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USDA official rallies for farm bill

Scuse: 'There's no leadership in kicking the can down the road'


Capital Press

COEUR D'ALENE, Idaho -- The USDA will move to implement a farm bill as quickly as possible -- when Congress approves one, a top USDA official says.

Michael Scuse, USDA's undersecretary for farm and foreign agricultural services, said Congress will take a hard look at government programs to see what works, what's no longer needed and how to do more with less.

But when it comes to passing a farm bill, sooner is better, he said.

"There's no leadership in kicking the can down the road -- we need a Food, Farm and Jobs Act now," he said.

USDA has declared more than half of the counties in the United States disaster areas, Scuse said, but some disaster programs in the old farm bill expired last fall and others expired more than a year ago.

"Farmers and ranchers need certainty, and we can't wait," he said. "We must work around those who create roadblocks or can't get things done."

The biggest question will be whether Congress passes a farm bill in timely fashion before next spring, Scuse said.

"Congress will pass it today, yet they will want it enacted yesterday," he said. "It's very difficult to enact a bill quickly."

National Association of Wheat Growers CEO Dana Peterson asked about a possible one-year extension of the farm bill that just expired, since the USDA needs time to implement reforms that would be included in a new farm bill.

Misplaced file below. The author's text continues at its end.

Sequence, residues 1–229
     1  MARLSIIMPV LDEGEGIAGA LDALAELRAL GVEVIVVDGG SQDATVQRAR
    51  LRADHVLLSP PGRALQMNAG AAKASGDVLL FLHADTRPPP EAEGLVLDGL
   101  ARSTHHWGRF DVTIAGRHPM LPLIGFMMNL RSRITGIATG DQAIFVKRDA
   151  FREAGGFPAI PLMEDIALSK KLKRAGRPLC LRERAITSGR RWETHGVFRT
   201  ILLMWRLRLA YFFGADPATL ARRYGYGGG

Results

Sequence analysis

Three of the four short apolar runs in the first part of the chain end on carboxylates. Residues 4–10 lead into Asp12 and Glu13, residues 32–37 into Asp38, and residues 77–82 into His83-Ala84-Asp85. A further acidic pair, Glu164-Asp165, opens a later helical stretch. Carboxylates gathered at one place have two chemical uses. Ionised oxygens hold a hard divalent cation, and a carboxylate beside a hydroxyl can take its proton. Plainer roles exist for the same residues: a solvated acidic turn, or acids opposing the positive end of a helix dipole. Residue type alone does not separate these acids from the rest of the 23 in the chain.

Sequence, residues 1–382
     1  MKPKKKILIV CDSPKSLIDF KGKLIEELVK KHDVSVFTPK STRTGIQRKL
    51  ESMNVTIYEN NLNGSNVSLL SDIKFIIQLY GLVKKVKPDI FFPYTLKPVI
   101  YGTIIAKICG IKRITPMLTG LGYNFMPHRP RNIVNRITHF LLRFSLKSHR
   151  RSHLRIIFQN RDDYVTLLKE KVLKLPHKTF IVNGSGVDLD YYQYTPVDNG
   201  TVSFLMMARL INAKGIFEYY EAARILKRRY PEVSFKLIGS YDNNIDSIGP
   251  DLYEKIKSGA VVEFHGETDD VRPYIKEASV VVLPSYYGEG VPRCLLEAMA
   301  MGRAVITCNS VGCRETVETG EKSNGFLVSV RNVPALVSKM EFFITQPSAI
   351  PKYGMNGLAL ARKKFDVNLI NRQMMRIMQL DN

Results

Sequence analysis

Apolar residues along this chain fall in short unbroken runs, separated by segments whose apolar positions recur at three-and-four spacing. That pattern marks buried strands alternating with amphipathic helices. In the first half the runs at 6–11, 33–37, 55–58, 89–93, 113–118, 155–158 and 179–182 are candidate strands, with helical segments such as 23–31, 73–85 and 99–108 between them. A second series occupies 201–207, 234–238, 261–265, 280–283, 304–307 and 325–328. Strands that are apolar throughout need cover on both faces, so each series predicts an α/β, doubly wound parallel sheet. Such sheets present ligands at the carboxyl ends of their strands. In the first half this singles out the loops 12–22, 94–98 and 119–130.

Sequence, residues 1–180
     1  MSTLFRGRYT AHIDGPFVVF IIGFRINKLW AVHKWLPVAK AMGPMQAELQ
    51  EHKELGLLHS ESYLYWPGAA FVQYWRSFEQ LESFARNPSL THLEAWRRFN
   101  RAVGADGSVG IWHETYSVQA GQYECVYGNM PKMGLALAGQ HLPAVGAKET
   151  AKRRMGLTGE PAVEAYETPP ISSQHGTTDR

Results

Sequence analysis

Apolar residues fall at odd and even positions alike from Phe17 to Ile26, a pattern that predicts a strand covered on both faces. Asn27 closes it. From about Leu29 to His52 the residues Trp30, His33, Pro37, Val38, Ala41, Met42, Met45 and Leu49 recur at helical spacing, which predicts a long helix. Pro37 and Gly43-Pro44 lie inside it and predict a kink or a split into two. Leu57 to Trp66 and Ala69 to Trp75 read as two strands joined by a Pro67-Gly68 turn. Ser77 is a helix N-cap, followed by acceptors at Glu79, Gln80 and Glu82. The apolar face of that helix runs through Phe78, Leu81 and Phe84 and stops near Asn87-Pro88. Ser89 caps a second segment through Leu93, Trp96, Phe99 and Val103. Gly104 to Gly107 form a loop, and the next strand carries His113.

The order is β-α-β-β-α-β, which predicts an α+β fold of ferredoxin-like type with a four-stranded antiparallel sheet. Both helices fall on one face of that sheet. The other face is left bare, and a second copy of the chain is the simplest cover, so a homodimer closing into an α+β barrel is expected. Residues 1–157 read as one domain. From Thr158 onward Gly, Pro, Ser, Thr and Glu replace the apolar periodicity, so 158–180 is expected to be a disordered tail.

Scuse said that was a poor excuse. He blamed the USDA under the Bush administration for delaying implementation of the 2008 Farm Bill, and said Congress should not use the USDA as an excuse for not passing a farm bill.

"If they pass a farm bill, we're going to do everything we can to implement it as quickly as possible," he said

Programs important to the wheat industry like the Market Access Program and Foreign Market Development program are only continuing due to a carryover of 2012 money and are expected to run out in January. If Congress doesn't pass a bill, the programs cease to exist and cooperators in foreign countries will have to close their offices, Scuse said.

"For every dollar we spend in these programs, there is a $35 return on investment," he said. "I don't know where you can spend the money to get that kind of return on investment anywhere."

Scuse spoke Nov. 12 to the Tri-State Grain Growers Convention in Coeur d'Alene, Idaho.


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